On plain abdominal radiographs, GCD appears as a smooth-walled, gas-filled structure, round or oval, adjacent to the sigmoid colon (with or without air-fluid levels) [2, 3]. Also referred to as the "balloon sign" , this finding was evident in the plain abdominal X-rays of 99 % (103/104) of patients who underwent radiography and who were included in a review of case studies of GCD . However, our more recent series of 17 patients revealed this sign in only 76 % (13/17) . This suggests that before the widespread use of CT, radiographs apparently missed cases of GCD.
The larger the diameter of the GCD, the greater the chance that it will be detected on plain films  (Figs. 2 and 3). Lack of haustral folds and location in the lower abdomen may assist in differentiating between GCD and sigmoid or caecal volvulus . Upright abdominal X-rays or lateral views can demonstrate fluid level, though these positions are generally not performed. Pneumoperitoneum and pneumomesenterium are indications of perforation of the gastrointestinal tract and appear in about 8 % of radiographs of GCD .
Barium or water-soluble contrast enema can help to identify GCD  and to determine the size and characteristic of the wall, and whether there is malignancy. This procedure shows communication between the GCD and the bowel in almost two-thirds of reported cases . The wall of the GCD should be smooth and regular. The flow of contrast material flow into the diverticulum, together with irregular borders, should raise suspicion of chronic inflammatory or neoplastic changes . Non-filling of the GCD by contrast material may result from narrow or inflamed ostium . Barium enema, or sigmoidoscopy, if the sigmoid area is involved, can rule out carcinoma within or distal to a GCD. The risk of perforation of the GCD has led to a decline in the use of barium enema, in favour of diagnosis by computed tomography .
Multi-detector computed tomography (MDCT) is the preferred imaging technique for GCD, as it is for other complications of colonic diverticular disease, such as abscesses and fistula . MDCT is a non-invasive means of evaluating the presence of GCD, its size, location and connection to the bowel, contents, and wall thickness; as well as the surrounding mesentery such as thickened surrounding fat indicative of recent inflammation , and accompanying complications. CT has demonstrated high sensitivity , and is more effective than barium enema in identifying communication between the GCD cavity and the gastrointestinal tract [6, 19], and of diagnosing alternative conditions, important for differential diagnosis.
On MDCT, the GCD usually appears as a predominantly gas-filled structure containing a small amount of fluid and communicating with the colon. Coronal and sagittal multiplanar reformatted (MPR) images are important for identifying the neck of the GCD, which connects the diverticular cavity with the adjacent colon; this finding is essential for correct diagnosis . Administration of intravenous contrast material is helpful for differentiating between GCD and colonic perforation with abscess formation. Wall thickening and infiltration of the adjacent fat represent acute diverticulitis and localized peritonitis  (Figs. 2 and 4).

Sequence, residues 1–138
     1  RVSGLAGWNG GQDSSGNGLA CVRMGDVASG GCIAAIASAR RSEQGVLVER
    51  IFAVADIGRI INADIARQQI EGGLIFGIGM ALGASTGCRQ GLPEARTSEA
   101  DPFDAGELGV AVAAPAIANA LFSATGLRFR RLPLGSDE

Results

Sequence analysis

Differential diagnosis and other diagnostic tools
Symptoms and signs of colonic diverticular disease and colorectal cancer are similar, and thus imaging is required to exclude malignancy. The general occurrence of GCD in the sigmoid colon may suggest diagnosis, but may also be misleading, since 10 % of GCD do not occur in the sigmoid colon.
Radiological differential diagnosis should include abdominal abscess, localized pneumoperitoneum, large-bowel volvulus, enteric duplication cyst, Meckel's diverticulum, duodenal and jejunal diverticula, pneumatosis intestinalis, emphysematous cholecystitis, emphysematous cystitis, and infected pancreatic pseudocyst. However, on radiographs, duplication cysts are rarely found on the sigmoid colon and Meckel's diverticulum is generally located in the distal ileum and affects young children. CT scan of the abdomen may determine the differential diagnosis of GCD (Fig. 5). On CT, duplication cysts are usually fluid filled and fusiform, contrasting with round or oval gas-filled GCD. Further, the quantity of gas is generally greater in GCD than in abscesses; the explanation of such lies in the connection between the GCD and the colonic lumen.
Colonoscopy is a widely available and effective tool for assessing the colonic lumen and for ruling out carcinoma. However, it is not very useful for diagnosing GCD, since the connection point between the GCD and the colon cavity is small and hard to detect. In addition, colonoscopy is generally avoided due to the risk of perforation . Further, the diverticular ostium is frequently small and easily missed [6, 13, 20].
Perforation and abscess formation are the most common complications of GCD. Among the less frequent complications are peritonitis [2, 21], intestinal volvulus , intestinal obstruction [23, 24], lower gastrointestinal bleeding , and lymphoma or adenocarcinoma arising in the GDC [6, 21, 26]. We were able to find only one documented case of a patient with GCD and a concomitant metastatic rectal carcinoma . The appearance on CT of irregular thickening of the upper rectal wall raised suspicion of malignancy, which was confirmed by fine needle aspirate from thorax nodules.